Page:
As a small business owner, you might be considering forming a limited liability corporation (LLC). Does that mean that you need limited liability insurance?
The answer to this question is maybe—despite its name, limited liability insurance is not a kind of insurance policy specifically for LLCs. Rather, it’s a type of business insurance that protects partners in a business. If you share your small business with one or more partners, you want to protect your stake in the event that someone files a claim against your business as a whole.
As a business owner, limited liability is just one way to protect yourself against insurance claims, and what it covers may overlap with the general liability insurance and professional liability insurance coverage that you already have.
If you’re unsure whether or not you need this kind of insurance, this guide is designed to explain limited liability insurance: what it is, when you might need it, and what steps you can take to protect your business against liability claims.
Limited liability insurance defined
Limited liability insurance protects a partner’s stake in a company. If you and two co-founders form a creative consultancy together and split your stakes equally, a professional liability policy would protect only your stake in the business. Each partner is responsible for taking out their own policy.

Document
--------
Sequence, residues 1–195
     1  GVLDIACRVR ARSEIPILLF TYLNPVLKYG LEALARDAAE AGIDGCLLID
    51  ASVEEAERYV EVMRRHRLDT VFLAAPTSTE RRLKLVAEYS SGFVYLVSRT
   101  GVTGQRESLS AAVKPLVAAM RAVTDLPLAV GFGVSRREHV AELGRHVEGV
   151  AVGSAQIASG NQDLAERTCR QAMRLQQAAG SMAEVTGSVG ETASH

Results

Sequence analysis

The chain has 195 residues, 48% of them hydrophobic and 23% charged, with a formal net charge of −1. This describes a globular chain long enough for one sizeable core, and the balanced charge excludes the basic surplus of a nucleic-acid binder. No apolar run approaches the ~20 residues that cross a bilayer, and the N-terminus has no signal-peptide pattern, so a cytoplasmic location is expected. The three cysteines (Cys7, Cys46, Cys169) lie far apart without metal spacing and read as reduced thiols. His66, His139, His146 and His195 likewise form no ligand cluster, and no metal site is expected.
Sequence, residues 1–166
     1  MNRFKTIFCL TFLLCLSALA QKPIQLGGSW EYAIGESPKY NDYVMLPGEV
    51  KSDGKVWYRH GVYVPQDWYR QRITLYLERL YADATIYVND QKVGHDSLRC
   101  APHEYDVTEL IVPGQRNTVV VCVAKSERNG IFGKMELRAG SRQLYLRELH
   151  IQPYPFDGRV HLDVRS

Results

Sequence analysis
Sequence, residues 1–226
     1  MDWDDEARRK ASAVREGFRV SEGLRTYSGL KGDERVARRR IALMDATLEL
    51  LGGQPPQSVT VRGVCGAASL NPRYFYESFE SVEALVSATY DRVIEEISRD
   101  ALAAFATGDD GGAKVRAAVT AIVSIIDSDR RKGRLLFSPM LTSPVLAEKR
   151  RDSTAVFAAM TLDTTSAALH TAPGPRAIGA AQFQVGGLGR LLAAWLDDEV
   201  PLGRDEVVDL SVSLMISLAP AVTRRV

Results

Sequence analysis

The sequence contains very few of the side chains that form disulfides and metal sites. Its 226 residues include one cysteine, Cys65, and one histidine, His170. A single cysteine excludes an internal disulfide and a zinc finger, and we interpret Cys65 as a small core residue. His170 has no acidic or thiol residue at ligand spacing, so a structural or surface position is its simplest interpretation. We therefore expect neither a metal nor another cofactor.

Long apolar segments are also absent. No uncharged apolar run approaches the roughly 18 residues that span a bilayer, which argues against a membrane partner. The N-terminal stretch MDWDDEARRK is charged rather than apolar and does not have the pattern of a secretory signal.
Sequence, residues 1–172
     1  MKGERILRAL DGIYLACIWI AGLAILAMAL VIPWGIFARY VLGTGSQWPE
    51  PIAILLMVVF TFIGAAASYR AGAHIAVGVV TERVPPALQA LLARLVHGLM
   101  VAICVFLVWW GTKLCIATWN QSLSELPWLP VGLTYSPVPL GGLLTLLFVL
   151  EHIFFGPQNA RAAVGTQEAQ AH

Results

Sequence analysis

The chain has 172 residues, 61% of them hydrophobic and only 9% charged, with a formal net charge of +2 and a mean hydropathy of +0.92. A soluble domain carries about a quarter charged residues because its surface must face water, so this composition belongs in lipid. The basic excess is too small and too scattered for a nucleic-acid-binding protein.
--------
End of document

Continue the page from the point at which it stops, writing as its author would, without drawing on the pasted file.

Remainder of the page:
That means that if a client sues your company as a whole for an ad campaign gone wrong, your 33% stake in the company would still be protected.
Partners in the following kinds of businesses may want to consider limited liability insurance :
- Multi-member LLCs
LLCs and limited liability
But wait! You might ask: We have an LLC. Aren’t we already protected from liability?
While LLCs do provide some protection, it’s very misunderstood. When someone sues your LLC, they should not be able to go after your personal assets, only your business. However, depending on your bookkeeping practices and the way you run your business, it may be difficult to figure out where your business ends and your personal assets begin.